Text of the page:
Pot user cites police threats
Police search a home on the Big Island but make no arrests
KAILUA-KONA » A Big Island religious and medical marijuana user, the Rev. Dennis Shields, says he was "intimidated and terrorized" by police serving a search warrant for marijuana on his South Kona property Friday.
No arrests were made. Police Maj. John Dawrs said courts issue search warrants only when there is probably cause and the only way to see if there is evidence of a crime is to execute the warrant.
Arrested for marijuana in 1994, Shields argued freedom of religion, saying marijuana was a sacrament in his faith, called the Religion of Jesus. He was convicted on the grounds that marijuana was not required in his religion. Since then, his church made it a requirement.
Shields also holds a state-issued card verifying he is a medical marijuana user.
The Friday raid followed two recent police helicopter overflights of his property in which 24 marijuana plants were visible on his porch, Shields said.
Shields said his wife and two of his grown sons live on the property, and all four hold medical-marijuana cards. Since state law allows seven plants per card holder, up to 28 plants would be legal, he said.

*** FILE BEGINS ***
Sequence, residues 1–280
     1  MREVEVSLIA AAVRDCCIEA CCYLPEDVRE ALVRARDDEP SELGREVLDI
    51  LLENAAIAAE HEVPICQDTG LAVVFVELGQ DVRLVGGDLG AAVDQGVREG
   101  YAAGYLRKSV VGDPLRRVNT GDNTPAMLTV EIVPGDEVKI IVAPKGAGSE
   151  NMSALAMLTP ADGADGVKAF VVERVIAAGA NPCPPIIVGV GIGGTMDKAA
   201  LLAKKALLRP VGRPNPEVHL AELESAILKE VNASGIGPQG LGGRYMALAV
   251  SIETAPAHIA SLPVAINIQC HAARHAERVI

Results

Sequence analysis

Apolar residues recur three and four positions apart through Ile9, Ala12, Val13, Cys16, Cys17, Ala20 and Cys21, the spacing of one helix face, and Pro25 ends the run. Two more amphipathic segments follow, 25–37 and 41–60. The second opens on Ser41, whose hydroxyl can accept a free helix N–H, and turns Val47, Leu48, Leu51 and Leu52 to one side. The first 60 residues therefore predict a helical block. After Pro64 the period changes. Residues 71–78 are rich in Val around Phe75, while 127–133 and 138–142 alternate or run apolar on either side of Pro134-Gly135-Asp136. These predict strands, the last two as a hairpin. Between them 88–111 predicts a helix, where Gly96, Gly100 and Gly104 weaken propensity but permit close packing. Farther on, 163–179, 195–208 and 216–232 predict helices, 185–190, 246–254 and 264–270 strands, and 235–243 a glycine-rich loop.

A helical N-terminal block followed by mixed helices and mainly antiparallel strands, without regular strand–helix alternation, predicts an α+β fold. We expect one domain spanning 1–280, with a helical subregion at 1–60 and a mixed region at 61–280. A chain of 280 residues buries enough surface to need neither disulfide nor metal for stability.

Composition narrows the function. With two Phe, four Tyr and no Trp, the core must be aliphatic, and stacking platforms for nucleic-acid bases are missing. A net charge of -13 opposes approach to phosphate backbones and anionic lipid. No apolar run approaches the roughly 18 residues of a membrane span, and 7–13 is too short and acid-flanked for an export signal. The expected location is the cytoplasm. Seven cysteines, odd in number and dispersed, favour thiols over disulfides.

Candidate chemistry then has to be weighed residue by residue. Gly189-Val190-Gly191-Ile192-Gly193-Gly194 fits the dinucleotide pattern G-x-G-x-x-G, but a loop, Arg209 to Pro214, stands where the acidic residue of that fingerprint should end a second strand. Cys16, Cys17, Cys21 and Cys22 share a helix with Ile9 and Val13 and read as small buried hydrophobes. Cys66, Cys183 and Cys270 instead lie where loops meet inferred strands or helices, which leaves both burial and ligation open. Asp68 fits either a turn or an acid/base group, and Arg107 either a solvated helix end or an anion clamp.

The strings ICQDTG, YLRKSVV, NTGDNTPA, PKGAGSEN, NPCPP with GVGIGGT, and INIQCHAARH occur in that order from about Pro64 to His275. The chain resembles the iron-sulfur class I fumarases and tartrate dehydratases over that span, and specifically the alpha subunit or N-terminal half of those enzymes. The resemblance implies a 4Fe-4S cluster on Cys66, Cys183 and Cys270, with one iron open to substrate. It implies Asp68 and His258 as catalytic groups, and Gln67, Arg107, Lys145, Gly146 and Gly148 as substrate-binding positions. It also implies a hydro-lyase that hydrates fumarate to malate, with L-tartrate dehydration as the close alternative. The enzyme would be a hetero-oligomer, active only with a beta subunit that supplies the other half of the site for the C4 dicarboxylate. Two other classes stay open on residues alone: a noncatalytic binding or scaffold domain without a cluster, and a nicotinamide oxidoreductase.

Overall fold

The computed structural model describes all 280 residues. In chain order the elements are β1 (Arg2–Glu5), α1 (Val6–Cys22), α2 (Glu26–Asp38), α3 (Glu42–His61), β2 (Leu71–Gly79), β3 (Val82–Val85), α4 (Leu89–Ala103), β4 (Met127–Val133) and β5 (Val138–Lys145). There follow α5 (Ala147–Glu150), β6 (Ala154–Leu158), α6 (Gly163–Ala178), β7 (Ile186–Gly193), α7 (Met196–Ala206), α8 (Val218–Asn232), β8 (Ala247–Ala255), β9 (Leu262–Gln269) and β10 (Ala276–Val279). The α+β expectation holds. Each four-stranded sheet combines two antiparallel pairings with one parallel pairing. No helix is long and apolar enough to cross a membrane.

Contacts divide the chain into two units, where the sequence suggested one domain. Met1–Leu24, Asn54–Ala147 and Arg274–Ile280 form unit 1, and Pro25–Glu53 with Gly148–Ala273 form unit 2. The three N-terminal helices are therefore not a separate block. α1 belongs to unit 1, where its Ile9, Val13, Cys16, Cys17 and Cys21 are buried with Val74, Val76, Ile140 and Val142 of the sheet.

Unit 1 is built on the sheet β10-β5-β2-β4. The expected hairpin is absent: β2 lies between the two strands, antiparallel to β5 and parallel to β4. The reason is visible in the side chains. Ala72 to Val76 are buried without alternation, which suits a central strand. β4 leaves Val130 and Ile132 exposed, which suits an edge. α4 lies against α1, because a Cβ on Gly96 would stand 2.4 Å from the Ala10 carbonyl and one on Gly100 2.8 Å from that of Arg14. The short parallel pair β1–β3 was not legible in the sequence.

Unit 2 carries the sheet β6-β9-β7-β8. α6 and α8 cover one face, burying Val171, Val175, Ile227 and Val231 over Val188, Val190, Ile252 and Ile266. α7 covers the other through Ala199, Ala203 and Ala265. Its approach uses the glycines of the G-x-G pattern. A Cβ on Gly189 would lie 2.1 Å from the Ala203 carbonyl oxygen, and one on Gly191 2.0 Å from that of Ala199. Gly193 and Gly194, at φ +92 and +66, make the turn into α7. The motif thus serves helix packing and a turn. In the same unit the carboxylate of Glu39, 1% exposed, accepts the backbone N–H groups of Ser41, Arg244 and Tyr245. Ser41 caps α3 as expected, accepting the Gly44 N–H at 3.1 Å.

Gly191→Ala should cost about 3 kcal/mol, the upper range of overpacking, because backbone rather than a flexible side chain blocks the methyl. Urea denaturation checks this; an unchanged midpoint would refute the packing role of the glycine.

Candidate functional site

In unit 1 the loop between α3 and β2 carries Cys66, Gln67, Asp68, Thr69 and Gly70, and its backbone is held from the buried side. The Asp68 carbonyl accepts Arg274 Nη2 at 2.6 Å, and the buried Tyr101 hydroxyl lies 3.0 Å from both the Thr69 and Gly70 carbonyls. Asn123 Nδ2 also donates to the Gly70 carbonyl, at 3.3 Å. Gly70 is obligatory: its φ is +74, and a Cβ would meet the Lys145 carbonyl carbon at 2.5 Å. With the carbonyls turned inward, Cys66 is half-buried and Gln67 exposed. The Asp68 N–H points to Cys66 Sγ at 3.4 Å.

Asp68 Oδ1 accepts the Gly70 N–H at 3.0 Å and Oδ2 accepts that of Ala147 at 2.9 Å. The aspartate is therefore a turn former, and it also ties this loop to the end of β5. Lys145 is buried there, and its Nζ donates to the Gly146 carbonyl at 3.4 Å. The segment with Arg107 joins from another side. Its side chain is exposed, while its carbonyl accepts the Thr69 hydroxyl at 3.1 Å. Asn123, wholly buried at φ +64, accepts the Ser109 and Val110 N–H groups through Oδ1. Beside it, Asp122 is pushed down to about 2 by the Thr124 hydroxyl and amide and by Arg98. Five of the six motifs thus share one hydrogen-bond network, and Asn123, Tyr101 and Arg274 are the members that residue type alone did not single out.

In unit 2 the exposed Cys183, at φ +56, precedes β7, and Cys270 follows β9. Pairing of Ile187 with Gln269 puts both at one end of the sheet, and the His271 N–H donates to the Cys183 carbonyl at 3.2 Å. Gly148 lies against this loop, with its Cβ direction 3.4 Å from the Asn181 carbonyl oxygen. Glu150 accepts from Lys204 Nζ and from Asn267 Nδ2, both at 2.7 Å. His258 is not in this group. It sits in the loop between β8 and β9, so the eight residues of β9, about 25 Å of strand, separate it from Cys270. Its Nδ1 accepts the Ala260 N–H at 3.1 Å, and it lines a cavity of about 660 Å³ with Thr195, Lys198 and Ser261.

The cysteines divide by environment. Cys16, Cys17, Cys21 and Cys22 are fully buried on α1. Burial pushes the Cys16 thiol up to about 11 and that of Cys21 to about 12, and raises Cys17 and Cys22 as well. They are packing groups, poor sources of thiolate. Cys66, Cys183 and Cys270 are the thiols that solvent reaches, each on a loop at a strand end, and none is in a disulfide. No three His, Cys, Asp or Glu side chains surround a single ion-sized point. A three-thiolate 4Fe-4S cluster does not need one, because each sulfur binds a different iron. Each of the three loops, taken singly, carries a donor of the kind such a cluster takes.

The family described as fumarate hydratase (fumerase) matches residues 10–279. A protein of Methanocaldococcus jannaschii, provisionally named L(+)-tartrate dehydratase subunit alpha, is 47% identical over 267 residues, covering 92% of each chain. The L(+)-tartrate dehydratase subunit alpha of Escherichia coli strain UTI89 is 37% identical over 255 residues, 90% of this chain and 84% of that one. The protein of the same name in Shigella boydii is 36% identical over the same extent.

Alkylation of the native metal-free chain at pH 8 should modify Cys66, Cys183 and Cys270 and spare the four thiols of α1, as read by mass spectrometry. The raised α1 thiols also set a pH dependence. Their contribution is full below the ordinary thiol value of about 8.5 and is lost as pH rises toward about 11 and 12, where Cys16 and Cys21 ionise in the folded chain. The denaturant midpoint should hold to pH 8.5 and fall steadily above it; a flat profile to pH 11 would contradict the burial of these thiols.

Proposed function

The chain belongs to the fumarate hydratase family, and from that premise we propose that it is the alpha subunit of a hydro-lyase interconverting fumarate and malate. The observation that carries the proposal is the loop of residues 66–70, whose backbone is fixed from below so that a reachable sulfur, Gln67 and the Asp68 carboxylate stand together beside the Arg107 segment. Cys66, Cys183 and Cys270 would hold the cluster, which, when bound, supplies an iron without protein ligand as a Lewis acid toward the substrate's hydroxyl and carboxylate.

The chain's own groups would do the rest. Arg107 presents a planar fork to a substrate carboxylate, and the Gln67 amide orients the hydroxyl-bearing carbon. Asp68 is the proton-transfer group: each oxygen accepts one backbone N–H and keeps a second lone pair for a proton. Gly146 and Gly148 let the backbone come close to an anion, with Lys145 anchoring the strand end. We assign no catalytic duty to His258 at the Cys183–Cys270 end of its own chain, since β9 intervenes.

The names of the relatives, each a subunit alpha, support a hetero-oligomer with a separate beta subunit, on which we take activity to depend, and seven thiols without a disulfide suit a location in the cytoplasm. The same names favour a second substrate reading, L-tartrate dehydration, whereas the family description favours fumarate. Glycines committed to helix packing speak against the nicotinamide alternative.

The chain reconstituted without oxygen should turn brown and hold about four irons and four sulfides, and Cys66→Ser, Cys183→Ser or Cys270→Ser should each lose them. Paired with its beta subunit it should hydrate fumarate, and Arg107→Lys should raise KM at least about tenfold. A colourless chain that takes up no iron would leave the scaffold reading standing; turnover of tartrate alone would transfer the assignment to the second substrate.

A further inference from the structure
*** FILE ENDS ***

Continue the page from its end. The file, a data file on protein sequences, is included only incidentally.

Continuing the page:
When police arrived, they wanted to see the cards of other family members who weren't present, Shields said. He told them he had no copies of their cards because copying the cards is illegal.
Shields told police to call a state registry to verify card holders at the property. After apparently doing so outside his hearing, police left, he said. They should have checked before coming, he said.
They also made incorrect statements about the law, saying medical users can't have hashish, and each plant has to have an individual's name on it. Dawrs confirmed that hashish is allowed, and names are not required on plants.
In 2004, John and Rhonda Robison of South Kona received $30,000 in settlement of a wrongful-arrest lawsuit after officers arrested them for not having names on medical marijuana plants.